What consumers expect on inflation
Consumers remain confident prices won't accelerate in the years to come. Still, Americans do expect inflation to remain high across various time horizons — something the Federal Reserve doesn't like.
What's new: That story remained intact in the latest Survey of Consumer Expectations, released this morning by the New York Fed, with signs consumers anticipate more subdued spending levels and slowing income growth.
By the numbers: The median consumer expects inflation in the year ahead to be above 5%, unchanged from the prior month. The three-year-ahead median inflation expectation fell by 0.3 percentage points to 2.7%.
The intrigue: Labor market expectations darkened slightly, driven largely by more pessimism among college-educated workers and those with household incomes above $100,000.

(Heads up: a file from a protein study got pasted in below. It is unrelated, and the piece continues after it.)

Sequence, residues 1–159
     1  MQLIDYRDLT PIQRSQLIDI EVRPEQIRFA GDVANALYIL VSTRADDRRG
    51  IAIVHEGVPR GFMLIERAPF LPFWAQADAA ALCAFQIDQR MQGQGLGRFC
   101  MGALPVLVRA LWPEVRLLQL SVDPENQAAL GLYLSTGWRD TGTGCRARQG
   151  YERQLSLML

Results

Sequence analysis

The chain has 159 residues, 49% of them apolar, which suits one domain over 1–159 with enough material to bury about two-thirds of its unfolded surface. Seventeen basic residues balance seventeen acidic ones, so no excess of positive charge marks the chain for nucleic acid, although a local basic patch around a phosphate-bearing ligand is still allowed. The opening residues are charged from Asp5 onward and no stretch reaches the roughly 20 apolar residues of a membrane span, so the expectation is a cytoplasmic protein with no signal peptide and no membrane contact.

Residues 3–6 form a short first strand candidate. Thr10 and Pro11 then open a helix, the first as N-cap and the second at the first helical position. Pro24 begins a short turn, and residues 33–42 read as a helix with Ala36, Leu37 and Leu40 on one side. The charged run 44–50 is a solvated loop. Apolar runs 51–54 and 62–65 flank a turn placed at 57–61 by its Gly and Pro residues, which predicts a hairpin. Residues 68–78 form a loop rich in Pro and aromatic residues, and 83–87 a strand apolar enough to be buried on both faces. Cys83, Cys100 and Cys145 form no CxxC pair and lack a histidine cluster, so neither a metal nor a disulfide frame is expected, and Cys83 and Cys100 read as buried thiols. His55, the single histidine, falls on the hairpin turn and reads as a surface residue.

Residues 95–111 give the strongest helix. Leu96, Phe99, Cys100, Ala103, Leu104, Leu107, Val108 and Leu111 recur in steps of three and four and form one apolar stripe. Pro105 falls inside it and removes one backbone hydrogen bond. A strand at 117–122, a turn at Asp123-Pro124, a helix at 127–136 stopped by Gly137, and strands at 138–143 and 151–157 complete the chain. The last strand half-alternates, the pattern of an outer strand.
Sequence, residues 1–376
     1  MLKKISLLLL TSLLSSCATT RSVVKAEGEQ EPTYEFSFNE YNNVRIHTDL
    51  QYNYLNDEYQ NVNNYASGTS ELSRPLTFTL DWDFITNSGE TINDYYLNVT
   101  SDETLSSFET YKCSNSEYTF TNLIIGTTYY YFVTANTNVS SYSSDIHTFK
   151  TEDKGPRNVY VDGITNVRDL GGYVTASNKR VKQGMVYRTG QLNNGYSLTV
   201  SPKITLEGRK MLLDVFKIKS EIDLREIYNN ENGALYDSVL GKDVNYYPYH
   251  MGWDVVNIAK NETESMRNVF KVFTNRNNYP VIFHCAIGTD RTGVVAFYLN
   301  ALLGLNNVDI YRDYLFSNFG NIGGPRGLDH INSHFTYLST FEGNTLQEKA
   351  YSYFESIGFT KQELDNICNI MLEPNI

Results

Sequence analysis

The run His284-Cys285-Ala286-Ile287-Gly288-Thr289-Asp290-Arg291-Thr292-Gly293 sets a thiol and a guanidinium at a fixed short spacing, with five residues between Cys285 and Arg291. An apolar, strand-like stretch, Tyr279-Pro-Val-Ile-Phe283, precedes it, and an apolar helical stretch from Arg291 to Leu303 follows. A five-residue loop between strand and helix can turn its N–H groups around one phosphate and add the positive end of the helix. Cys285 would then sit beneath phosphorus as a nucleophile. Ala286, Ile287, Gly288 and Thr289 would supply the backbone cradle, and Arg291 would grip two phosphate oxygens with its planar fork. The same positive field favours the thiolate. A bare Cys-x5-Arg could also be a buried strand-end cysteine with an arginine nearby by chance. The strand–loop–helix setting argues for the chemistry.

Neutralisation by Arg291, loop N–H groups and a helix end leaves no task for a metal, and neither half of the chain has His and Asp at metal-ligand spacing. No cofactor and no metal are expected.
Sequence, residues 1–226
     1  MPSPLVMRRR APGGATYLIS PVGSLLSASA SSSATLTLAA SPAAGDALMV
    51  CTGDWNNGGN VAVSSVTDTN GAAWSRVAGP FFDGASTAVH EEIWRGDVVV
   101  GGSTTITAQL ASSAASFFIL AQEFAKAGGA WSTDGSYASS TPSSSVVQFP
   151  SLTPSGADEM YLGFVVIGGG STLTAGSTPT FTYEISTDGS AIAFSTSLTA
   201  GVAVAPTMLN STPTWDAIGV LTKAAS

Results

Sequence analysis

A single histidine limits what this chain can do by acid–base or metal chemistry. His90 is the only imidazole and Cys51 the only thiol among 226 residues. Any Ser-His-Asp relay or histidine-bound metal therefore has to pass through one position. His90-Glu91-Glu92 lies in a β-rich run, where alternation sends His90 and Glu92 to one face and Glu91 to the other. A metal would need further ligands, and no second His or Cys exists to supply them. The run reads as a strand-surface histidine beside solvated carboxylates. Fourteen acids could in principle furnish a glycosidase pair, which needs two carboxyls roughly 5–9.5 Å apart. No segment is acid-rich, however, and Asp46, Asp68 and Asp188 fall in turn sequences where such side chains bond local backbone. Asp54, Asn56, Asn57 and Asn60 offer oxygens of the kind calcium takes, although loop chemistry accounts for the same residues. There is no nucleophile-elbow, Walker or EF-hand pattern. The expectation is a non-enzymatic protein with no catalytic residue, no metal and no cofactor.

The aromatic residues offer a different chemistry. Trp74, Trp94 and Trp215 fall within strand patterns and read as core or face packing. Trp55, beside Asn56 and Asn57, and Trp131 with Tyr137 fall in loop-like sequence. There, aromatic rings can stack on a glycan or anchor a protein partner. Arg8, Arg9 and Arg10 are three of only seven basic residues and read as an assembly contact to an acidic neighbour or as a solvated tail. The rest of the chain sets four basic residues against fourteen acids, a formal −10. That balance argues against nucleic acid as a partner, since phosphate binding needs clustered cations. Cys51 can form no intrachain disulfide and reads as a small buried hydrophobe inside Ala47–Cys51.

- The mean probability that the U.S. unemployment rate will be higher in a year's time rose by 0.4 percentage points to 41.2%, with little to no increase among those with some college (or just a high school diploma) and those who make less than $50,000.
Yes, but: This cohort is also among the most pessimistic about prospects for income growth. The median expected growth in household income growth plummeted to 3.3% — the biggest one-month plunge in the survey's history.
- The decline was most pronounced among the least educated and poorest consumers, plus survey respondents over the age of 60.
Of note: Consumers, overall, continued to mark down spending plans in January. Median household spending growth expectations fell for the third straight month — to 5.7% from 5.9%.
Editor's note: This story has been corrected to reflect that the median three-year ahead consumer inflation expectation fell by 0.3 percentage points, not 0.2 percentage points, as originally stated by the New York Fed.